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'National Caveats' Among Key Topics at NATO Meeting

By John D. Banusiewicz
American Forces Press Service

NICE, France, Feb. 9, 2005 – Defense Secretary Donald H. Rumsfeld today likened some NATO operations to a basketball team that practices together for months, only to have some players refuse to participate when the game starts.

Restrictions some countries place on how NATO can use their forces known as "national caveats" are among the major topics under discussion at the informal meeting of NATO defense ministers here this week, Rumsfeld told reporters in his traveling party.

Caveats present "a quite complex problem for the NATO commander" running an operation, the secretary said.

Countries in the alliance have officers assigned to NATO headquarters, he explained. "They learn to function as a team, and they work together. And then when the heads of state decide that NATO is going to do something the people from their countries serving in those headquarters have been practicing as a team with the others," Rumsfeld said. "And therefore, when the decision is made, they have to be willing to engage."

In Iraq, however, a few countries have indicated that their forces cannot participate in some aspects of the operations, he added.

"That's an issue that NATO has to think through very carefully," the secretary said. "It's kind of like having a basketball team, and they practice and practice and practice for six months. When it comes to game time, one or two say, 'We're not going to play.' Well, that's fair enough. Everyone has a free choice. But you don't have a free choice if you've practiced for all those months. So we're going to have to find a way to manage our way through that."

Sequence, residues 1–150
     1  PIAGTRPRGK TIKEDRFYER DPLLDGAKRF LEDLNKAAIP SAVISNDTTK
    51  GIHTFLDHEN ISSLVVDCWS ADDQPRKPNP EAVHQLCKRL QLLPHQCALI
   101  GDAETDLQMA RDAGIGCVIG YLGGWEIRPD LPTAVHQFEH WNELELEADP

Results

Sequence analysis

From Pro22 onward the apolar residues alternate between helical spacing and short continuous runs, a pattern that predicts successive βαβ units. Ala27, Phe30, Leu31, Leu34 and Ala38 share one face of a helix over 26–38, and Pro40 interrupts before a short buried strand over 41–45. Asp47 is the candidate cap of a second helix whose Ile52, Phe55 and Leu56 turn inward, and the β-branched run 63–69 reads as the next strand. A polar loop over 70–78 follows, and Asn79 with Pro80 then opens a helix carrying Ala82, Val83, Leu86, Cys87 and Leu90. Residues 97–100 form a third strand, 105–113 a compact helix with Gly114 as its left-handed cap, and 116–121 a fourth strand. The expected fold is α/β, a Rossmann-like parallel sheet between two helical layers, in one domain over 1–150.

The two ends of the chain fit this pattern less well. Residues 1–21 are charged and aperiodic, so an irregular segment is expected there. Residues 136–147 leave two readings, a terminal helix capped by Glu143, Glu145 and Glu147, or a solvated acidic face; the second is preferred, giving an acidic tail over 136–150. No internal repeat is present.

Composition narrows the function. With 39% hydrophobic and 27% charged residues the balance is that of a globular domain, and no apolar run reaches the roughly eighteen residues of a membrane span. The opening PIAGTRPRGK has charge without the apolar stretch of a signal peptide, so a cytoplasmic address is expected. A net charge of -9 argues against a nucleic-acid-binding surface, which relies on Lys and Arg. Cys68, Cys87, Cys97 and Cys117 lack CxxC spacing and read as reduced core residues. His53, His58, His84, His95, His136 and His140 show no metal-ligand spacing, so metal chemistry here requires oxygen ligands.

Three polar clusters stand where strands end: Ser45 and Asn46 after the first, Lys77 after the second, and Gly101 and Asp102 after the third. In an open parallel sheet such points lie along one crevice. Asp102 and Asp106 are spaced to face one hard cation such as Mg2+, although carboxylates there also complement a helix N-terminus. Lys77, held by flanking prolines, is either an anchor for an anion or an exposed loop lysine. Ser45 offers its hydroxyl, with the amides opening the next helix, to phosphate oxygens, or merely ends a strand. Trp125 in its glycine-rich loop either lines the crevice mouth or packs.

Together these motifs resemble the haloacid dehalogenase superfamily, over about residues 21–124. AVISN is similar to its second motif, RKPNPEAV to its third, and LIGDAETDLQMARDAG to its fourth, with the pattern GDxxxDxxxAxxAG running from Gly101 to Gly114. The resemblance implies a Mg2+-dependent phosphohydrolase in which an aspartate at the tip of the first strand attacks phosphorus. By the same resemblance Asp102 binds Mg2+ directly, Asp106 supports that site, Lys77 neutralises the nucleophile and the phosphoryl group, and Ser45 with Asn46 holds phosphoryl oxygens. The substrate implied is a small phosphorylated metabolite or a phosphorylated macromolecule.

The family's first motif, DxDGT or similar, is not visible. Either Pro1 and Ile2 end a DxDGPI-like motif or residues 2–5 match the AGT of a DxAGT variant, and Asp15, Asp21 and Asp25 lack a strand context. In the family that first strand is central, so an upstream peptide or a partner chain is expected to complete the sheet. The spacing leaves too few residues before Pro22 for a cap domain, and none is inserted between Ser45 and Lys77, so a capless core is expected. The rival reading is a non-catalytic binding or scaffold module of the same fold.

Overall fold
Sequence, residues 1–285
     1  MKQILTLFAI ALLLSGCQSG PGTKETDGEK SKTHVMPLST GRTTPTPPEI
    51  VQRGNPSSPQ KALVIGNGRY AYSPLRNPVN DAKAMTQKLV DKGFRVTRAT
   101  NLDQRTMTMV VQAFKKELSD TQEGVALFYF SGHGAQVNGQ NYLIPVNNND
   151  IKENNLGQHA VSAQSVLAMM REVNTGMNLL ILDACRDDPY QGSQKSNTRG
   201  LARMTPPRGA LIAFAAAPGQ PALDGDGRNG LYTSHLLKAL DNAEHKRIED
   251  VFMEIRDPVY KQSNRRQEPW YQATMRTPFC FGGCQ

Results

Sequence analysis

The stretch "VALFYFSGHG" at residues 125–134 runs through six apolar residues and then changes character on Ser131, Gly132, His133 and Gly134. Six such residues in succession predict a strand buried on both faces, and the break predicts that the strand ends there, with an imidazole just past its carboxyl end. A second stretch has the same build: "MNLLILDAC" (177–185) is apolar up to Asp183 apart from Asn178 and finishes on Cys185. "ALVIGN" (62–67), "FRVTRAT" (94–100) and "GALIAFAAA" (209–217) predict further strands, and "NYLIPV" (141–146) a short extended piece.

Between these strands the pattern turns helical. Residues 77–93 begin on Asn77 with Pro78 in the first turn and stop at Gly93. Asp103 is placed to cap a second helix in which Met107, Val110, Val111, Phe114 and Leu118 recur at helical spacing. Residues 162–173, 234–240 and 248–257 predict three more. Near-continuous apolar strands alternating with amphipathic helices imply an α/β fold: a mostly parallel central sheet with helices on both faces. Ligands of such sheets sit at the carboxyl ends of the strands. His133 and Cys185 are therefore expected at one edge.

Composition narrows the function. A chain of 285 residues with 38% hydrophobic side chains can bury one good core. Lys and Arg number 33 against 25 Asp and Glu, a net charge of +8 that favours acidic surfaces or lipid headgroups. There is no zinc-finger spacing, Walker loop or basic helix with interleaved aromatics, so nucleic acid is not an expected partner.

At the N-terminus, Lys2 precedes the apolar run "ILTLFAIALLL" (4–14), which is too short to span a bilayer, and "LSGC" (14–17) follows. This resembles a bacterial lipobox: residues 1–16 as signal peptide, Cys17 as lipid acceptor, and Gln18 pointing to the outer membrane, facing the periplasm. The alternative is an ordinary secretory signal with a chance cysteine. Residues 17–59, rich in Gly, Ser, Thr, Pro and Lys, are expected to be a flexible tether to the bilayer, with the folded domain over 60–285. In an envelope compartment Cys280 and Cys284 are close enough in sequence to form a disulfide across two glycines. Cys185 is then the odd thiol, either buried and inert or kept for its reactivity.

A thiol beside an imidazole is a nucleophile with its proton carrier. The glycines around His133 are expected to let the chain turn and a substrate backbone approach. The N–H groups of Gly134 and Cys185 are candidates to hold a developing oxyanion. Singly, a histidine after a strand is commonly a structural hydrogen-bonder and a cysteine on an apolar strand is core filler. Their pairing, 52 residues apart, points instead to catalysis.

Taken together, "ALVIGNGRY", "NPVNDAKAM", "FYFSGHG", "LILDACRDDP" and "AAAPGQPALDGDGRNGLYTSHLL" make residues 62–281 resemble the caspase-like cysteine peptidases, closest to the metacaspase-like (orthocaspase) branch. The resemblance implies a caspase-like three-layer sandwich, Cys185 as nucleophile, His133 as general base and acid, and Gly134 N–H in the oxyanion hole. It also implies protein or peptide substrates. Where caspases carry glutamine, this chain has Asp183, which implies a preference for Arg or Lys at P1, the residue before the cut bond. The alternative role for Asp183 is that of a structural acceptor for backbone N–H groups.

Discussions of NATO's transformation also will highlight the meeting, Rumsfeld said, especially in terms of the NATO Response Force and the usability and deployability of NATO forces, and the effort to find metrics to do a better job of measuring usability "so that each country can improve its circumstance."

The secretary said the NATO defense ministers also will discuss organizational reform in the alliance's international bureaucracy and committee structure and current NATO operations.

"If you think about it, just a few years ago, the idea that NATO would have operations in Kosovo and Afghanistan and Iraq would be beyond belief, but it is a fact," he said. "and they will be important topics of conversation. That says a great deal about this institution."

Between his arrival this morning and his late-afternoon meeting with reporters, the secretary visited the USS O'Bannon, a Navy destroyer anchored offshore, and participated in bilateral meetings with his counterparts from Romania and Spain. Afterward, he was scheduled to meet with NATO Secretary-General Jaap de Hoop Scheffer and participate in a working dinner.

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Defense Secretary Donald H. Rumsfeld

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